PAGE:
1607 Otto Casmann a German humanist who converted from Catholicism to Protestantism as a young man.
1638 Joachim Wtewael a Dutch Mannerist painter and draughtsman. Wtewael was equally part of the Flemish school of the sixteenth century and the Dutch School of the early seventeenth
1677 George Christian Landgrave of Hesse-Homburg the third Landgrave of Hesse-Homburg.
1714 Anne Queen of Great Britain became Queen of England, Scotland and Ireland on 8 March 1702. On 1 May 1707, under the Acts of Union, two of her realms, the kingdoms of England and Scotland, united as a single sovereign state, the United Kingdom of Great Britain. She continued to reign as Queen of Great Britain and Ireland until her death
1715 Prince Johann Ernst of Saxe-Weimar a German prince, son by his second marriage of Johann Ernst III, Duke of Saxe-Weimar. Despite his early death he is remembered as a collector and commissioner of music and as a composer some of whose concertos were arranged for harpsichord or organ by Johann Sebastian Bach, who was court organist in Weimar at the time
1743 Richard Savage an English poet. He is best known as the subject of Samuel Johnson's Life of Savage, , on which is based one of the most elaborate of Johnson's Lives of the English Poets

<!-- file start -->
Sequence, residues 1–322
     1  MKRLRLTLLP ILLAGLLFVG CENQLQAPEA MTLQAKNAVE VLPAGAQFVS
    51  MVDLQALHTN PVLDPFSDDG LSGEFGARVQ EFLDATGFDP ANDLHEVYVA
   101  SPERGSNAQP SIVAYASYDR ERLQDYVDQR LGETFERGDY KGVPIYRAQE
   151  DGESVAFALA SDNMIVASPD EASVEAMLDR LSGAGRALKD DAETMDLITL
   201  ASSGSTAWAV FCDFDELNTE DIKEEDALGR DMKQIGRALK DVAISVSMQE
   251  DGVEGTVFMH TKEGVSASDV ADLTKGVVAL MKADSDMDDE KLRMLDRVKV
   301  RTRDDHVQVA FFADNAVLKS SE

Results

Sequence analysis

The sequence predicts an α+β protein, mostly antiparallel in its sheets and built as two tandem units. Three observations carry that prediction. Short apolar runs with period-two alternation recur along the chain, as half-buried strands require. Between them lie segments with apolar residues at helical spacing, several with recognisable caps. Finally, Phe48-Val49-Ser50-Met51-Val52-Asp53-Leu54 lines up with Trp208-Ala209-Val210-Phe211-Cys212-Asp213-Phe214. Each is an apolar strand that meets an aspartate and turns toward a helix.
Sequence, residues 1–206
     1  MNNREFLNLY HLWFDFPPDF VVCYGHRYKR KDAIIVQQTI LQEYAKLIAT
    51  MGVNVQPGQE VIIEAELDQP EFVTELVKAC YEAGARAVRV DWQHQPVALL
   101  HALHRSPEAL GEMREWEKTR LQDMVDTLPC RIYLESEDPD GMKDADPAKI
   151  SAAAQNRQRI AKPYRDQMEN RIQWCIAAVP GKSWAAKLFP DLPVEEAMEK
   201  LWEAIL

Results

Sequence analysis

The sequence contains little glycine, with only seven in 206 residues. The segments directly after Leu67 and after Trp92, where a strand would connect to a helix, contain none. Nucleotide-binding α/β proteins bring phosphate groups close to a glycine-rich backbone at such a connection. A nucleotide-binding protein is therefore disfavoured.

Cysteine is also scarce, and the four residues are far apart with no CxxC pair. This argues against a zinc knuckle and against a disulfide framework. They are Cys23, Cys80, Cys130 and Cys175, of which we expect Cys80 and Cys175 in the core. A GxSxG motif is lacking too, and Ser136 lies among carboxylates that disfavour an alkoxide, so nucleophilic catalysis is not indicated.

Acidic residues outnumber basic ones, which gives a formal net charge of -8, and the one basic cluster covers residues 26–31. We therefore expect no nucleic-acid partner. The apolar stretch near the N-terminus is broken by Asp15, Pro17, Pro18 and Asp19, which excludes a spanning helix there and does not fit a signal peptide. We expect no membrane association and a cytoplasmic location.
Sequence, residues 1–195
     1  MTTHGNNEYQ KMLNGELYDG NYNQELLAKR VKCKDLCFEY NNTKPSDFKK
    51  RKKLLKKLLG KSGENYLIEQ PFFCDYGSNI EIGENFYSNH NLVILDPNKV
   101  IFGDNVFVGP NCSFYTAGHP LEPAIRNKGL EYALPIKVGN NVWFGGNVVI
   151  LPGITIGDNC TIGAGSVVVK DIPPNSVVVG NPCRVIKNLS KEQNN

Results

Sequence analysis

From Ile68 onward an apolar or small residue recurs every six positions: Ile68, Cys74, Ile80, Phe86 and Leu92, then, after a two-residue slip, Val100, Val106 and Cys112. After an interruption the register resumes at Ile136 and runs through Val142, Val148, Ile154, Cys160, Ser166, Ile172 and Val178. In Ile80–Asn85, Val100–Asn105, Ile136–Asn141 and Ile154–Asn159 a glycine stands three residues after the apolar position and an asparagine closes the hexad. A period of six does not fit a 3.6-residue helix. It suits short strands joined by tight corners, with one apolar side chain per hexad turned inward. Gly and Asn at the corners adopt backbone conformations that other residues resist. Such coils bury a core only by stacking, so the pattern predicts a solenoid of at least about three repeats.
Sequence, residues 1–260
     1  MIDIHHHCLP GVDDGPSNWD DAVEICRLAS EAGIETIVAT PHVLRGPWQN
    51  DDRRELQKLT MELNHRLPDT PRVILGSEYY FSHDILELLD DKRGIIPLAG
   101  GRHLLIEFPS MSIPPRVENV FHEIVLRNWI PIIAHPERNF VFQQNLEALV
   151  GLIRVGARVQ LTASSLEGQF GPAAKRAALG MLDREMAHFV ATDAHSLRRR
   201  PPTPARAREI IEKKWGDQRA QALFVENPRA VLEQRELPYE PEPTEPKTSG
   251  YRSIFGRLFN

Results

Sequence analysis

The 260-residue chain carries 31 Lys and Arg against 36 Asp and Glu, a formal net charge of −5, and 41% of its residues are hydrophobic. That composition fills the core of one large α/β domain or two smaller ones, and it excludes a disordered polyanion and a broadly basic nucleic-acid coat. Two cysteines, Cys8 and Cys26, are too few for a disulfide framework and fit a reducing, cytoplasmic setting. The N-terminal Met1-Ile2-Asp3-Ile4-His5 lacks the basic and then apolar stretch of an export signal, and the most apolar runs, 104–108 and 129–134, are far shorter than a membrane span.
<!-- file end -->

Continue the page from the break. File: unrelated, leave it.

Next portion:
1769 Jean-Baptiste Chappe d'Auteroche a French astronomer, best known for his observations of the transits of Venus in 1761 and 1769.
1787 Alphonsus Maria de' Liguori C.Ss.R. was an Italian Catholic bishop, spiritual writer, scholastic philosopher and theologian
1795 Clas Bjerkander a Swedish meteorologist, botanist, and entomologist.
1796 Sir Robert Pigot 2nd Baronet a British Army officer during the American Revolutionary War.
1798 François-Paul Brueys d'Aigalliers the French commander in the Battle of the Nile, in which the French Revolutionary Navy was defeated by Royal Navy forces under Admiral Horatio Nelson. The British victory helped to ensure their naval supremacy throughout the Napoleonic Wars. He was also a Freemason in the La Bonne Foi lodge at Montauban
1806 Charles Gascoigne a British industrialist at the beginning of the Industrial Revolution. He was a partner and manager of the Carron Company ironworks in its early years, but left in 1786, before the company's success became obvious, to reorganise the production of iron and cannon in Russia. He remained in Russia for 20 years, until his death
1807 John Walker (lexicographer) an English stage actor, philologist and lexicographer. Early in life he became an actor, his theatrical engagements including one with David Garrick at Drury Lane, and a long season in Dublin, Ireland. In 1768 he left the stage. After some experiences in conducting a school at Kensington he commenced to teach elocution, and in this found his principal employment for the rest of his life. In 1775 he published his Rhyming Dictionary, which achieved a great success and has been repeatedly reprinted, and in 1791 his Critical Pronouncing Dictionary, which achieved an even greater reputation, and has run into some forty editions. He was the friend of the leading literary men of his time, including Samuel Johnson and Edmund Burke